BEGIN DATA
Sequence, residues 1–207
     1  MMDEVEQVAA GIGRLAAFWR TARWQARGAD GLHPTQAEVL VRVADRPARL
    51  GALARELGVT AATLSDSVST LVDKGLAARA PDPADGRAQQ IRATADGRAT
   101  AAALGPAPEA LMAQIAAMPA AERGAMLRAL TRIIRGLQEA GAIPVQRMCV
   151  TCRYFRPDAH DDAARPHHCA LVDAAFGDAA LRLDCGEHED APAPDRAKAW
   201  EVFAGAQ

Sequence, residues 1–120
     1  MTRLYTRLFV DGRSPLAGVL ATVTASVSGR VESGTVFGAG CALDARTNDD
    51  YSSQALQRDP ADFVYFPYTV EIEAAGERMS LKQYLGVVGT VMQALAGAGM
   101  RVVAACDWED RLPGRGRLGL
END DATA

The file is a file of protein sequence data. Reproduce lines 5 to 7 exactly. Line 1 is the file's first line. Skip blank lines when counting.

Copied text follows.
   151  TCRYFRPDAH DDAARPHHCA LVDAAFGDAA LRLDCGEHED APAPDRAKAW
   201  EVFAGAQ

Sequence, residues 1–120